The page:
When Trump’s lawyer Todd Blanche responded that his client had to be able to respond to political and public attacks from Cohen and others, Merchan archly asked the lawyer to point out where in his gag order he’d made an exception like that. The judge scheduled a hearing on the matter next week.

Trump’s unique status as a defendant who also happens to be a former and potential future president arose frequently in the opening hours of the trial — the first of four that Trump faces, and the only one that has not been significantly delayed by pretrial proceedings and appeals.

Criminal defendants, Merchan noted, have a right to participate in private sidebar questioning of potential jurors, but if Trump were to do that, he would be joined by Secret Service agents, creating logistical hurdles for court officials.

Prosecutors have charged Trump with 34 counts of falsifying business records — part of what they say was a criminal scheme to cover up Cohen’s 2016 payment to adult-film actress Stormy Daniels so she would keep quiet about her alleged tryst with Trump years earlier.

Cohen was reimbursed for those payments after Trump won the 2016 presidential election, but those payments were categorized as a legal retainer. Concealing the true purpose of the payments amounts to a crime, prosecutors charge.

In a case so closely tied to an alleged sexual liaison, lawyers spent much of Monday arguing over what a jury can be told about other purported indiscretions in Trump’s life.

Prosecutors wanted to tell the jury that he also had an affair with Karen McDougal, a Playboy model, at a time when his wife, Melania Trump, was pregnant with his child.

Blanche argued that would poison the jury against his client, for something that was not a crime and has no bearing on the charges he is facing.

“The risk of unfair prejudice is through the roof,” Blanche said, “from salacious details about a completely different situation.”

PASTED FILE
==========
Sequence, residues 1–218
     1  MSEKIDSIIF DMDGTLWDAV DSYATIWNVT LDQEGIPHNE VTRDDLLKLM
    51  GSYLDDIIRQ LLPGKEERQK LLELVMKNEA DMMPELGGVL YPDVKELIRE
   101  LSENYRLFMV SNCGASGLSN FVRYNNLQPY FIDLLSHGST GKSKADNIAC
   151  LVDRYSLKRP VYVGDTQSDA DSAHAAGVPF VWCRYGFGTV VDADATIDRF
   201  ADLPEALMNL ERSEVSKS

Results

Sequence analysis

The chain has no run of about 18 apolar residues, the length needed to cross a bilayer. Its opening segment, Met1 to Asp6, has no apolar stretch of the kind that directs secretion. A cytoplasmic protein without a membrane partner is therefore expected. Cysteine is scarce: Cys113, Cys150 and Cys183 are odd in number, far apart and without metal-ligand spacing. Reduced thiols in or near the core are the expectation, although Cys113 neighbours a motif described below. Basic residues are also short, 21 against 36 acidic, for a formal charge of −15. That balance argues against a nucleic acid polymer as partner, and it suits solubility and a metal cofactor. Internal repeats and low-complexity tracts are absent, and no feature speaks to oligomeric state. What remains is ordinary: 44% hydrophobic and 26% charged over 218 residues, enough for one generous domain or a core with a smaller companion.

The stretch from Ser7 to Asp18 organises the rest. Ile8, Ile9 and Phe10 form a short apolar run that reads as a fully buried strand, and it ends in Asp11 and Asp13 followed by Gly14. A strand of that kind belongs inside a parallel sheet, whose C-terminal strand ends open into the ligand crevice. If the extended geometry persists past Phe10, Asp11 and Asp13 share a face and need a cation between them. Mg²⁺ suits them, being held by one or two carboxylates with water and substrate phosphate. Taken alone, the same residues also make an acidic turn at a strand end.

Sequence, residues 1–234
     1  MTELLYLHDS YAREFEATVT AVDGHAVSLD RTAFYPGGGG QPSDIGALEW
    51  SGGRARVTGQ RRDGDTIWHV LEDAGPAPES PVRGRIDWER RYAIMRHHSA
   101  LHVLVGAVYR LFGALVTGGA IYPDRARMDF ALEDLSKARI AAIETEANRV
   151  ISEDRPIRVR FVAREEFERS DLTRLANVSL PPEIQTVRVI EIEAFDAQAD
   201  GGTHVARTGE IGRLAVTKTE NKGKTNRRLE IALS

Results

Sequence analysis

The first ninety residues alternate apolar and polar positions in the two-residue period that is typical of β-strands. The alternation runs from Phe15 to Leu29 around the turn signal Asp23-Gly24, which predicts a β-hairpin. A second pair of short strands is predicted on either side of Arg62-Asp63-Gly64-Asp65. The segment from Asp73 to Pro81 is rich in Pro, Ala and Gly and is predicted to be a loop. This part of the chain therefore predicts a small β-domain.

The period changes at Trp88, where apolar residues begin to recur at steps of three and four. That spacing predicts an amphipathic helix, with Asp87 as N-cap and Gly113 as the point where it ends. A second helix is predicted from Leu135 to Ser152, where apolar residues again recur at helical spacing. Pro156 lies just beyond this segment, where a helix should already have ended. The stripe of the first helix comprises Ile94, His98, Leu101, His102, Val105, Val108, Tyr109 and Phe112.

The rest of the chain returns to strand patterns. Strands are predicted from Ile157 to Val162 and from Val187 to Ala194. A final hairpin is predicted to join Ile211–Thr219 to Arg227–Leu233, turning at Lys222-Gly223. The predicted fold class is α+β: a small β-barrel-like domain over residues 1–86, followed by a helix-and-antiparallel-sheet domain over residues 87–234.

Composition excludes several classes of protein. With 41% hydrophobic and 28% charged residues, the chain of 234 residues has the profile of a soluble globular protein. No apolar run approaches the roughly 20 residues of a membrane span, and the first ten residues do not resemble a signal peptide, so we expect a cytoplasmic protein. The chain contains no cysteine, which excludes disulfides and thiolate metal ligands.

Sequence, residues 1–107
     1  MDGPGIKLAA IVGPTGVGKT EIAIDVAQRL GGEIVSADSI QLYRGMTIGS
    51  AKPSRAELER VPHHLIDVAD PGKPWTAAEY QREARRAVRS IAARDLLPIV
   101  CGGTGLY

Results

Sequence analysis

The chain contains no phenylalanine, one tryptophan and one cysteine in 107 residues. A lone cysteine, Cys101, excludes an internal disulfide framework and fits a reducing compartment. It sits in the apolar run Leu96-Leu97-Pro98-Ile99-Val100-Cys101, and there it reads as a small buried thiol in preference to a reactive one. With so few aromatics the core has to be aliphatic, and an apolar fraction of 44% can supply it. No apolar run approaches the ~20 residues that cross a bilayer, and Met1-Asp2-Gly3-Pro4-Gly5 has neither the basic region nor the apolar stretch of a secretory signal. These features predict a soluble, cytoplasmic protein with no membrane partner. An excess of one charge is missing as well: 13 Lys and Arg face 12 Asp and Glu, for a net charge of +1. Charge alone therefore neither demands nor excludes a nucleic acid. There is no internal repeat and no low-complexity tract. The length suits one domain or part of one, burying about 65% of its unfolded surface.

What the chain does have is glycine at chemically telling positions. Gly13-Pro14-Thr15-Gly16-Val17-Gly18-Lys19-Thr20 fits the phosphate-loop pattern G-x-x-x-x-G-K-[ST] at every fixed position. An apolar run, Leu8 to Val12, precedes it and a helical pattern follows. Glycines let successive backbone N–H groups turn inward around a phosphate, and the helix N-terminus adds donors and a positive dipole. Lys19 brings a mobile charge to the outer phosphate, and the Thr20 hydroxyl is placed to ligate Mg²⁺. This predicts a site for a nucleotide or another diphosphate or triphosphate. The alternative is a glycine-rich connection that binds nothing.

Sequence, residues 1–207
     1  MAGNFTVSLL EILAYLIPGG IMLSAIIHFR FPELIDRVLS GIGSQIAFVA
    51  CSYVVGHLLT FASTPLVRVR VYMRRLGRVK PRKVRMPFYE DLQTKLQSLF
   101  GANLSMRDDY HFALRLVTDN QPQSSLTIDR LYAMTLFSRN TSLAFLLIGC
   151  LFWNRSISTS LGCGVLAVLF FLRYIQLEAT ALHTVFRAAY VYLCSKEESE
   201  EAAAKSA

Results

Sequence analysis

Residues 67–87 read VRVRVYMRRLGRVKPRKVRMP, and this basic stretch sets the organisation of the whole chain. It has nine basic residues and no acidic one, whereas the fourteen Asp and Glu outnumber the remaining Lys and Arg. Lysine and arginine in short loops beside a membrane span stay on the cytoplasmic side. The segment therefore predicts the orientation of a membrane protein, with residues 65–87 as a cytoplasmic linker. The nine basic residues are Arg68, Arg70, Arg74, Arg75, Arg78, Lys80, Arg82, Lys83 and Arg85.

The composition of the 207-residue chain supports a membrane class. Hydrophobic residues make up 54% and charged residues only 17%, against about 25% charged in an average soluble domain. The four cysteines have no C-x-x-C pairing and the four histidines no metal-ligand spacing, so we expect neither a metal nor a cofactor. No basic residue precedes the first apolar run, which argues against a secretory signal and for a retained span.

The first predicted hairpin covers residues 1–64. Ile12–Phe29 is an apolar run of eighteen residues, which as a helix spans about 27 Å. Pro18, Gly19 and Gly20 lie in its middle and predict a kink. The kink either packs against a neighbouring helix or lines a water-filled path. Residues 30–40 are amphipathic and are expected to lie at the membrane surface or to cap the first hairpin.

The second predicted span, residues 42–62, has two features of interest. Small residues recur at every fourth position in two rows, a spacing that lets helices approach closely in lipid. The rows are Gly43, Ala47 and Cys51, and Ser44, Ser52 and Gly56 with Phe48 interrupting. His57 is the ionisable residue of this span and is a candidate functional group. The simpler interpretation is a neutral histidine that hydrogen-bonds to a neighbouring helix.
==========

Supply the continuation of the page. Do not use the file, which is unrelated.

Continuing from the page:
Prosecutor Joshua Steinglass argued that the details of the McDougal affair were important to show Trump’s state of mind and behavior when allegations of sexual impropriety surfaced against him.

The judge said the jury could be told about the affair, but not the additional detail that at the time Melania Trump was pregnant. That detail, he said, was prejudicial, although he reserved the right to change his thinking on that matter as other evidence is introduced during the trial.

Since the 1980s, Trump’s fame and notoriety have been fueled partly by the tabloid press, and prosecutors made clear they aim to use that back-scratching relationship against him to show that he made the hush money payment to keep voters from learning about his embarrassing peccadilloes.

Merchan agreed to allow prosecutors to tell the jury about a 2016 meeting at Trump Tower with Trump, Cohen and National Enquirer executive David Pecker, who allegedly tried to help Trump’s presidential campaign. Prosecutors say the three men discussed publishing positive stories about the real estate mogul turned candidate, and negative pieces about his political opponents.

Prosecutors are expected to use that type of information to support their argument that Trump intended to help his campaign image when he covered up the $130,000 payment to Daniels. That money allegedly kept her quiet during the campaign about a sexual encounter she says she’d had with Trump 10 years earlier.

“The entire point of the Trump Tower meeting was to control the flow of information that reached the electorate to accentuate the positive, hide the negative and exaggerate information that would be harmful to Trump’s opponents,” Steinglass argued.

Blanche countered that the meeting was not part of any charged criminal conduct, and said such sessions are common for candidates.

While they lost that argument, Trump’s lawyers convinced Merchan that jurors should not be told about a number of women who came forward in late 2016 to accuse Trump of sexual misconduct in the wake of an “Access Hollywood” recording in which he bragged about grabbing women.

Merchan called those accusations “very, very prejudicial,” adding that they are “just a rumor, just gossip, complete hearsay. Did it happen? There’s nothing to prove that. For me to allow the defendant to be prejudiced based just on a rumor is not fair.”

Steinglass had argued that his team should be allowed to mention, in general terms, those claims to the jury, to show how Trump reacted to them.

Trump “became almost obsessed with addressing these allegations,” the prosecutor said, because the candidate worried the stories would hurt him with women voters.

“This is really the key, specifically with female voters,” Steinglass argued.

Isaac Arnsdorf contributed to this report.

This post appeared first on The Washington Post